Just a few days ago, the number 6.7 was posted in many business news headlines and business journals. The reports are chock full of phrases like “lowest since 2008” and “why 6.7% is bad news.” It seems as though most of the media is communicating our need to be concerned over the latest hare-raising number released by the Bureau of Labor Statistics.

I’m one to be easily hyped and excitable, but these reports beg reasoning. Let’s start with why 6.7% seems to be a bad number for the United States economy.  In December the unemployment rate fell to 6.7% which is the lowest it has been since the fall of 2008. Not so bad, right?…..wrong. The key reason behind this number is that the labor force participation has fallen meaning that people have stopped looking for work. (You know, that ugly phrase “discouraged workers”) Other bad news is that only 74,000 jobs were created in the US as compared to the average of approximately 212,000. These factors are ones that have analysts and economists rolling their eyes and sighing.

But…before we get too engrossed in the negative aspects of this newly released statistic, I found it is important to step back and look at the big picture. Though this snapshot is not the most appealing, it’s exactly just that; a snapshot.  Instead of this 6.7 unemployment number being one to freak out about, it needs to be communicated that this may not be as dramatic as the business news makes it out to be and why this is so.

As stated before, it is crucial to shift our emphasis to the bigger picture. Combine the statistics for the year for a broader view and the economy is still at a healthy point. In fact, it’s better than it has been.  The United States economy is expected to have expanded as much as 3.5% in 2013 versus the previously estimated 2%.

Another positive, yet very debatable point about this statistic I believe is that it may slow the Federal Reserve’s tapering. The Fed has planned to reduce the amount invested in stimulus from $85 billion to $75 billion. The tapering for consumers may mean that interest rates on mortgages and students loans and whatnot will increase. The Fed’s continuation down the road of the taper process is data dependent. If the gloomy numbers continue to be released consistently, it may end or slow the tapering of the stimulus investment.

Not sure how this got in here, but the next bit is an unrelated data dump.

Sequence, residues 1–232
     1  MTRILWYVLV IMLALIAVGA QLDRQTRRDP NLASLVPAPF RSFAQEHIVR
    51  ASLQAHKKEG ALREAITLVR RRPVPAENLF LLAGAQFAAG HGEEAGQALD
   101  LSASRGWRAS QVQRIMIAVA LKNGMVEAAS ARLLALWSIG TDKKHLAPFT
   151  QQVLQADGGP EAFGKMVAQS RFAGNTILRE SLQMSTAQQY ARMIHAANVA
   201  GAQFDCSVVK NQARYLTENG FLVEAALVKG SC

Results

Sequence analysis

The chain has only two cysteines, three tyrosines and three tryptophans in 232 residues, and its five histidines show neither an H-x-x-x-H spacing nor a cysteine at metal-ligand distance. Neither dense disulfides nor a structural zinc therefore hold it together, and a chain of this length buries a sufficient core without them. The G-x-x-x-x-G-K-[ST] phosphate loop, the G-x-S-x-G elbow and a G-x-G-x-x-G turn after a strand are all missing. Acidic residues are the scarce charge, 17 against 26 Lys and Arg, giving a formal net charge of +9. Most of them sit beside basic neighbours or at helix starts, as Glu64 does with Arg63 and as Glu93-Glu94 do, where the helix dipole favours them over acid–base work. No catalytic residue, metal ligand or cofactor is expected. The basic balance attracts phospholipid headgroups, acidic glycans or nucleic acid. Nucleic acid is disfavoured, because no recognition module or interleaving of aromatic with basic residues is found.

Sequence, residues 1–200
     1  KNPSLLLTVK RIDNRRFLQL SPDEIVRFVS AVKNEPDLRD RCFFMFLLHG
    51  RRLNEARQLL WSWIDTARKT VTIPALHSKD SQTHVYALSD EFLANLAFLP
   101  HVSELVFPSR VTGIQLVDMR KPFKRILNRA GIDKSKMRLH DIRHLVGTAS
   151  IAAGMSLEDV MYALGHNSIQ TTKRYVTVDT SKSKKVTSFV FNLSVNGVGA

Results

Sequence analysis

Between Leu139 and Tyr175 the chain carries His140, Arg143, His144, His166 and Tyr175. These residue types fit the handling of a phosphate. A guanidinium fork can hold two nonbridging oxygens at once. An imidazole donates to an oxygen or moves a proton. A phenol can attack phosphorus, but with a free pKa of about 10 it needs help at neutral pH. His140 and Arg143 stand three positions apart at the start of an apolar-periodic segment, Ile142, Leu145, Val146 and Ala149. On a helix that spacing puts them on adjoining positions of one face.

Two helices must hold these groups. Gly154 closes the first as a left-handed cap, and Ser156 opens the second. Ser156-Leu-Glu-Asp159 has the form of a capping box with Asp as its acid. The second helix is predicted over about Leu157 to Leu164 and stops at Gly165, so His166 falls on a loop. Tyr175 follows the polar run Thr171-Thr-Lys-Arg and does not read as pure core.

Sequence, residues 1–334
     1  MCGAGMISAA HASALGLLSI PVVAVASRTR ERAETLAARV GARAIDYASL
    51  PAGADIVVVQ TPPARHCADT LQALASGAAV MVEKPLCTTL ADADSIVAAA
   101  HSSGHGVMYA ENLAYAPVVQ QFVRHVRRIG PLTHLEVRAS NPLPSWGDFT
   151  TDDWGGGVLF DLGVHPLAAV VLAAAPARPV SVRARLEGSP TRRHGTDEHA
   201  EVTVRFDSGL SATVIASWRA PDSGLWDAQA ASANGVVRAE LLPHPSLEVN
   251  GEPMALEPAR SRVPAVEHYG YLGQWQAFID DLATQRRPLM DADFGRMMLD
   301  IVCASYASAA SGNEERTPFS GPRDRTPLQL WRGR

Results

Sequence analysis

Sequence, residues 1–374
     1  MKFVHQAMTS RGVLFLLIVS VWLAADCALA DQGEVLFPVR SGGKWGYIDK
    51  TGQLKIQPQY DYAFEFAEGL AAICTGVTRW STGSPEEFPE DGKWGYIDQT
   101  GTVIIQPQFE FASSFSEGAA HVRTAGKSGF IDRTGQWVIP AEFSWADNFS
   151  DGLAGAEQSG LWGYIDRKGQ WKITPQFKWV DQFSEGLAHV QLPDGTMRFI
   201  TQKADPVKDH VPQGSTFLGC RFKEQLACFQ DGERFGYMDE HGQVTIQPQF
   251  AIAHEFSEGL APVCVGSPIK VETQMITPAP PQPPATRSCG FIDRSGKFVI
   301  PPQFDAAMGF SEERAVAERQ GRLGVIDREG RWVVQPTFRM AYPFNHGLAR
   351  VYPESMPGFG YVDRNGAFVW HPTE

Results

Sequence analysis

But tapering or not, I’ll have to side with Aesop on this one and agree that slow and steady wins the race. An important strategy is not to engross ourselves in the gloomy snapshots, but in the big picture. So I’ll choose to see this “hare”-raising statistic as another step (shaky, but still a step) on the road to recovery.

Image

Number of the Day: 49

Image

49%: It’s a number that makes Dearborn, MI smile.

 A number dear to me as well because I like to see businesses in my home state thrive. Ford Motor Company, a late comer to the Chinese market, reported that it increased sales in China by forty nine percent in 2013. What is fascinating to me is how numbers like this jump and the basis for these numbers. In this particular case, behind the numbers may be a very strong global strategy.  I’ve dug into the topic a bit and found that two crucial components of Ford’s China strategy seem to be the revised product offering and investment in other motor companies in China.

Ford took a transnational approach to make this increase as a strategy of global expansion. This approach is a happy medium between multidomestic and global strategies. Multidomestic approach is one in which a company decides to tailor its products to the specific country in which it is doing business. On the other hand, a global strategy is one in which product offering does not vary and a standard product is maintained in each country that it does business.  With transnational, Ford is choosing to revise some parts of it product offering in order to fit the culture in which it does business. For example, the company came out with a Chinese version of the Fusion called Mondeo (see image above) which is designed which for Chinese roads and gasoline. In Ford’s case, this smart strategy to think global yet act local seems to have been successful last year.